The Enigma of the Winchester Mystery House
The Enigma of the Winchester Mystery House

The Winchester Mystery House is an unusual 19th-century mansion in San Jose, Calif., which contains numerous oddities including doors leading nowhere, 2-inch-high steps, windows overlooking other rooms, and an obsession with the number 13. The peculiar residence was once home to Sarah Winchester, the widow and heir to the Winchester rifle fortune. For over a century, rumors have been circulating about the reasons for Sarah’s odd architectural choices, but the story of San Jose’s most mysterious estate is a riddle that may never be solved.

Sarah Lockwood Pardee Winchester was born in 1837 in New Haven, Conn. In 1862, at the height of the Civil War, she was married to William Wirt Winchester, heir to the vast wealth of the Winchester Repeating Arms Company. The company had developed the Henry Rifle, the first true repeating rifle – a popular choice among the Northern troops at the outbreak of the Civil War.

Hand-tinted ambrotype of Sarah Winchester taken in 1865 by the Taber Photographic Company of San Francisco, 1865. (Wikimedia Commons)

Hand-tinted ambrotype of Sarah Winchester taken in 1865 by the Taber Photographic Company of San Francisco, 1865. (Wikimedia Commons)

The couple had one daughter in 1866, but at just a few weeks old, the baby tragically died of disease and Sarah fell into a deep depression. In 1881, another tragedy struck—William fell ill with pulmonary tuberculosis and died, leaving Sarah with over $20 million dollars and an income from the Winchester Repeating Arms Company of about $1000 per day (equivalent to about $30,000 by today’s standard).

It was soon thereafter that the grieving Sarah moved to California’s Santa Clara Valley and purchased an unfinished farmhouse where she threw her energy into its never-ending expansion and renovation, transforming it into the mysterious mansion we see today.

Construction of the Mystery Mansion

Sarah Winchester commissioned an army of tradesmen to begin construction on the house, and directed the entire project herself. She never consulted an architect, and features were added to the building in a haphazard fashion. Over time, the farmhouse expanded into an enormous mansion with 150 rooms, 2 ballrooms, 47 fireplaces, 17 chimneys, 2 basements, 3 elevators, and over 10,000 panes of glass.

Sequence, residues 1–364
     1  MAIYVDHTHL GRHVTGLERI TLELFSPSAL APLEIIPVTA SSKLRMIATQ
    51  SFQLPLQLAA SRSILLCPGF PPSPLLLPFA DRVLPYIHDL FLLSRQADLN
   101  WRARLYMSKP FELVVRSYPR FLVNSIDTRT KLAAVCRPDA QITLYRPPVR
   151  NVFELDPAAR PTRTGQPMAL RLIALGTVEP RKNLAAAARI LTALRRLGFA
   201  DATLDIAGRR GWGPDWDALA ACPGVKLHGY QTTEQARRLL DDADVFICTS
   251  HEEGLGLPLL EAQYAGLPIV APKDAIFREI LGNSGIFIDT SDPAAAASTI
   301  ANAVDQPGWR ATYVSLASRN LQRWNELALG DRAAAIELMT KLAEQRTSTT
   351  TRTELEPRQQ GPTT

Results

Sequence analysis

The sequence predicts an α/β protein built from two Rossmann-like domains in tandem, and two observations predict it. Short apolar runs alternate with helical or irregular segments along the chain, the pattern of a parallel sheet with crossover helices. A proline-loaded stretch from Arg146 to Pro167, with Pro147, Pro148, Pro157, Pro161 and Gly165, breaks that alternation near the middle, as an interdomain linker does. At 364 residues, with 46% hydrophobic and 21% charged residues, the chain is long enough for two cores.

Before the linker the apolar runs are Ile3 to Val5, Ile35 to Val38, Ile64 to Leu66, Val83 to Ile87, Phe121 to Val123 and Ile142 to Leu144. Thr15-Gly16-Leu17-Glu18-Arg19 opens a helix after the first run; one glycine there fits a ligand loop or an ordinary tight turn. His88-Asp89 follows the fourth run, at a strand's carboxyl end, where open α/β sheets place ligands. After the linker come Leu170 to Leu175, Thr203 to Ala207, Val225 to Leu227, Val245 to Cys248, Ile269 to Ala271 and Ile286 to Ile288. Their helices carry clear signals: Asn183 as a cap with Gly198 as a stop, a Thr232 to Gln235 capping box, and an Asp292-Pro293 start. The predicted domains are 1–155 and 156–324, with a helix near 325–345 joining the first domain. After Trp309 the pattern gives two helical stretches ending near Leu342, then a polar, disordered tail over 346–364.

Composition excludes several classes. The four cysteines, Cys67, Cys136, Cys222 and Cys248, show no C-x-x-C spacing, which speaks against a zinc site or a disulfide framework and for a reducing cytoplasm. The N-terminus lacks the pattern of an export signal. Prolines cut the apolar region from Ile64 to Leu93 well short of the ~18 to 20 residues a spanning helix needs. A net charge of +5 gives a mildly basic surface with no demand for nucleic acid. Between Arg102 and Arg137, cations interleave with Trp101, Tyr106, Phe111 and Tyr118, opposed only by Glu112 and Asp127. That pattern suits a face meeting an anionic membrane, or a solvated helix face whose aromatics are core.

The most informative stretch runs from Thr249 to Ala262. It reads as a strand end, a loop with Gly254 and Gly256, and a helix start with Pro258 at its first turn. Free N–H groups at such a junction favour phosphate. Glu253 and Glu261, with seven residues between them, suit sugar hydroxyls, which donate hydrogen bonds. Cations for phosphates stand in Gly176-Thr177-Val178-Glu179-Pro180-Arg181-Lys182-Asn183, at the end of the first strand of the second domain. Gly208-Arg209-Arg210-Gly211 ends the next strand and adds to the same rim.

The Winchester Mystery House, San Jose. (Roxanna Salceda/Wikimedia Commons)

The Winchester Mystery House, San Jose. (Roxanna Salceda/Wikimedia Commons)

But it wasn’t its size that attracted the most attention. The home became known for its numerous strange features. Columns were installed upside down, doors opened onto walls or three-story drops, stairways ended up at the ceiling, large, fully furnished and decorated rooms were walled off, and the number 13 and spider web motifs were incorporated throughout the house—there are doors with 13 panels, windows with 13 panes, staircases with 13 steps, and even sink drains were custom made with 13 holes.

A door in the Winchester Mystery House opening out onto a three-story drop, now labelled "Door to Nowhere." (Lisa Jacobs/Flickr)

A door in the Winchester Mystery House opening out onto a three-story drop, now labelled “Door to Nowhere.” (Lisa Jacobs/Flickr)

Tormented by Spirits

Following Sarah Winchester’s death in 1922, numerous stories began to circulate regarding the reasons for the perpetual construction of the house and the inexplicable features she had installed.

Some of the mansion’s characteristics may have practical explanations. For example, there is a staircase with 44 steps that rises only 9-ft because each step is just 2 inches high. One reason for this may have been her debilitating arthritis that made it difficult to climb higher steps. However, other features are less explainable, and the most popular account attributes the oddities to her belief in ghosts.

According to one version, Winchester consulted with a medium in Boston who told her that she must build a large home to accommodate the spirits of all those who had fallen victim to Winchester rifles, and that she would be bothered by the spirits unless she continued to build upon the house. Legend says that Winchester believed she could confuse the ghosts by building strange features into the house and that this would keep her safe from their haunting.

A file photo of old guns. (Juan R. Velasco/iStock/Thinkstock)

A file photo of old guns. (Juan R. Velasco/iStock/Thinkstock)

 

Staircase to nowhere in Winchester Mystery House. Did Sarah construct these features to confuse the unsettled spirits of those killed by Winchester rifles? (Wikimedia Commons)

Staircase to nowhere in Winchester Mystery House. Did Sarah construct these features to confuse the unsettled spirits of those killed by Winchester rifles? (Wikimedia Commons)

Perhaps a more plausible explanation is that Winchester suffered from mental illness following the tragic deaths of her baby daughter and husband. Still, none of these explanations can be verified as Winchester did not leave behind a single journal or diary, and she was never interviewed about her project. Sadly, this means that Winchester’s true motivation for devoting the second half of her life to building what is now known as the Winchester Mystery House remains elusive and we may never know the real story behind this enigmatic building.

April Holloway is an editor and writer with Ancient-Origins. She completed a Bachelor of Science degree and currently works as a researcher. 

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